Vitamin D Supplements May Help Lower Symptoms In MS Patients
Health officials still aren't certain what causes multiple sclerosis (MS)--a disease in which the immune system eats away at the body's protective covering of nerves. However, they do know that a combination of genetic and environmental factors seem to influence the health issue; one genetic factor being that some with the autoimmune disease show lower blood levels of vitamin D.
New findings published in the journal Neurology showed that patients who received high-dose supplements of vitamin D had reduced levels of inflammation related to the disease when compared to counterparts who received lower dose vitamin D supplements.
"These results are exciting, as vitamin D has the potential to be an inexpensive, safe and convenient treatment for people with MS," said Dr. Peter Calabresi, director of the Johns Hopkins Multiple Sclerosis Center, in a news release.
During the study, researchers recruited 40 patients with relapsing-remitting MS (the most common form of the autoimmune disease) for a double-blind, randomized study. They gave them either 10,400 international units or 800 international units of cholecalciferol--a form of vitamin D every day over a six-month period. Researchers then checked the patient's vitamin D levels at the start of the study, the halfway point and then at the end.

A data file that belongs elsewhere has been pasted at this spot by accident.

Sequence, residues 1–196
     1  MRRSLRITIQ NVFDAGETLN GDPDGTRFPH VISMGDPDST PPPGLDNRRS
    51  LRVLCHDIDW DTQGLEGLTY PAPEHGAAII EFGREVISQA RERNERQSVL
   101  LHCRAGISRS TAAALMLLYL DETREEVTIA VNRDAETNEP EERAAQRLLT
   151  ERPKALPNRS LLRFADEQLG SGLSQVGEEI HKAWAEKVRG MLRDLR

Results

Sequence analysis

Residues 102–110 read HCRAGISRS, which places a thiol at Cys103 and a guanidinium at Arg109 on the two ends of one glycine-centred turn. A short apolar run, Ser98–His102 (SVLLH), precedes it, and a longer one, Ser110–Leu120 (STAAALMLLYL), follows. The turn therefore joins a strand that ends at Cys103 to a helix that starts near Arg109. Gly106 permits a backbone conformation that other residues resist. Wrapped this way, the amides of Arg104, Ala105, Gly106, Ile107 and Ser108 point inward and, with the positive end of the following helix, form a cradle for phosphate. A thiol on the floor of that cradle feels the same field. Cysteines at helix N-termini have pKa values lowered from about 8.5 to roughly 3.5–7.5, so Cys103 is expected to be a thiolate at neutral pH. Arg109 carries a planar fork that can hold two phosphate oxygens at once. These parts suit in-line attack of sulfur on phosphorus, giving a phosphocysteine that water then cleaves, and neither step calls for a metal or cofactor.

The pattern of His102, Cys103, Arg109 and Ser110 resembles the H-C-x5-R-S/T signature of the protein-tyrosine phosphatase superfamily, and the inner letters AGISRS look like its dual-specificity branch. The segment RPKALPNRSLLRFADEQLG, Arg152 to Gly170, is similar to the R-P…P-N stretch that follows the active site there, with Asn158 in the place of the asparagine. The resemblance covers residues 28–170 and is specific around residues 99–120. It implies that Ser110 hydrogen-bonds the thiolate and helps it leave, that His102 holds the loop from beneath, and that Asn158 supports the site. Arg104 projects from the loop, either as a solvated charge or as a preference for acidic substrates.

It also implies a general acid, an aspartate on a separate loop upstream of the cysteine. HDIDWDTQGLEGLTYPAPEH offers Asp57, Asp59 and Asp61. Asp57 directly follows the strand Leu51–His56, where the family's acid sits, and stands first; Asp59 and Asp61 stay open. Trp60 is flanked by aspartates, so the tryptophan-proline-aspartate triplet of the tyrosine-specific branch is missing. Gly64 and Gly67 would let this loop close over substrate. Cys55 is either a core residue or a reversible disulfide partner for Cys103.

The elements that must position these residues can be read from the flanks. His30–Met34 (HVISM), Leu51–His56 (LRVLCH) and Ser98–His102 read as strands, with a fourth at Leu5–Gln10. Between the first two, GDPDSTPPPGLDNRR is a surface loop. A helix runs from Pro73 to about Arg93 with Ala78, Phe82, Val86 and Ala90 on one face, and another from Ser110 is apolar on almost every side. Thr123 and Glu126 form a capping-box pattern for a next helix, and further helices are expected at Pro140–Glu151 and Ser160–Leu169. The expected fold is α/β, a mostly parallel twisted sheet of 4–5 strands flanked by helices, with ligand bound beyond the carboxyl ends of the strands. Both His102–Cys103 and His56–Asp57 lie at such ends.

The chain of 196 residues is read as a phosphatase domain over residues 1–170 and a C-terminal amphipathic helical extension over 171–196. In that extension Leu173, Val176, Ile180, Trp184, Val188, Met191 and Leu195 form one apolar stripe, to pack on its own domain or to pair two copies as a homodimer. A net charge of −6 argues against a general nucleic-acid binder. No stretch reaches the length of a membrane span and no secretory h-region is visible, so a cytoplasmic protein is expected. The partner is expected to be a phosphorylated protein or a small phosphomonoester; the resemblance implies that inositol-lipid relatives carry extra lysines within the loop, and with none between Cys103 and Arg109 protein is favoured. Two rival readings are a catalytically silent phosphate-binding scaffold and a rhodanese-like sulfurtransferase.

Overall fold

Previous studies show that vitamin D can help decrease MS-related symptoms and slow the progression of the disease, which currently has no cure.
Findings revealed that patients given the higher dose showed a reduction in inflammatory T cells related to MS. Those given the lower dose supplements, on the other hand, showed no noticeable changes.
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